Ford is planning to discontinue the Escape, Edge and Transit Connect to make more capital available for its EV push, a major point of CEO Jim Farley’s plans to return Ford to its once industry-leading position.
Ford, one of the longest-standing car companies in the world, has ultimately decided to transition away from the gas-powered models that have brought it so much success for a century.
Ford has been one of the most committed legacy OEMs in terms of EV adoption and has also been one of the most successful to do so since putting its cards on the table and admitting it will need EVs to run a top-notch and sustainable business into the next few decades.
According to Automotive News, Ford is planning to get rid of the two SUVs and commercial van due to higher-than-expected losses in 2023---Ford is set to lose $4.5 billion more than it previously expected, according to the report.
Ford has bolstered its EV production with expansions of various facilities and has even set aside billions for a dedicated production facility for EVs and batteries in Tennessee.
However, its 400,000-unit annual production goal set to be achieved in 2024 has been pushed back. It planned to quadruple that number by 2026 and bring 2 million EVs to customers that year, but that figure is also being re-examined.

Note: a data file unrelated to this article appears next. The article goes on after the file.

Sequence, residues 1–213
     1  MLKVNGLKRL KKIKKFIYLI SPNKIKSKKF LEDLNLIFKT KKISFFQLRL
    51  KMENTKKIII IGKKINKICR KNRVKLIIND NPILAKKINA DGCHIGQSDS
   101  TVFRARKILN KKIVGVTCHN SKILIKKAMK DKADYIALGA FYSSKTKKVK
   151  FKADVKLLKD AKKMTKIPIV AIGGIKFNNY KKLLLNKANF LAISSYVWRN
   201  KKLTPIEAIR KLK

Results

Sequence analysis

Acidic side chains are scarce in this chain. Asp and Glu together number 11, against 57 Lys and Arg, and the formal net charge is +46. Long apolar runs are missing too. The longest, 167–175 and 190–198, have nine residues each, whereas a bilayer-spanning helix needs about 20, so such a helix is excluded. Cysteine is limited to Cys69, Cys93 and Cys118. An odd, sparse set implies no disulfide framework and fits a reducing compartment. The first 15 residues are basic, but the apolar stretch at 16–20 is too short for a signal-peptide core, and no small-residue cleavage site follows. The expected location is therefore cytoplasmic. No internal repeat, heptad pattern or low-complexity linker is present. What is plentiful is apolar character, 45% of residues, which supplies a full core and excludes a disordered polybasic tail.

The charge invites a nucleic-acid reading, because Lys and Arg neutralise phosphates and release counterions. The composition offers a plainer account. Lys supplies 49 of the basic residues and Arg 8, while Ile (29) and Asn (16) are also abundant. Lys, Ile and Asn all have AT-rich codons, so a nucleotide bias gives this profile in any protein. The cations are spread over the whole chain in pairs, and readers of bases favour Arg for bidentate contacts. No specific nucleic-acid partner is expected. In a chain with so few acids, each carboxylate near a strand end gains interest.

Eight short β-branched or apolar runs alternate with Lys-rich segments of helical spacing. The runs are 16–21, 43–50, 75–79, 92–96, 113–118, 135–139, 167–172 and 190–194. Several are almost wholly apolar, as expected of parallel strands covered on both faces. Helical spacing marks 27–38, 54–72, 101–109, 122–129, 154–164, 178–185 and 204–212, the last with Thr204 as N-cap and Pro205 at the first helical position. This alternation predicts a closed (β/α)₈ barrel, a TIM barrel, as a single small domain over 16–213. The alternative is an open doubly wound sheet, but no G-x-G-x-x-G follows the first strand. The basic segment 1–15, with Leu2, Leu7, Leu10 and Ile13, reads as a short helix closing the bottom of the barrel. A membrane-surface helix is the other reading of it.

It would not be the first time a company didn’t reach its annual production goals for EVs. Many automakers have set out to produce a figure that seemed extremely lofty at the time, only to come up short as the production and manufacturing processes are seemingly more complex than initially thought.
But Ford still has a lot going for it on the EV front. It has plans to bring a next-gen pickup to its brand sometime within the next couple of years, and the F-150 Lightning and Mustang Mach-E are becoming more popular with every quarter as the automaker continues to reduce prices and achieve more scalability.
The Edge will be discontinued as the Oakville, Ontario, Canada, plant the car is built in will be retooled to make way for a three-row all-electric SUV. Meanwhile, the Transit Connect will only be removed from U.S. showrooms, but the European market will have access to the vehicle.
The Escape is one of Ford’s most popular models, and there is currently no set date for the SUV to be removed from production. It is more than likely going to be built for the next few years, but there are no plans to make an electric iteration of the Escape, at least for now.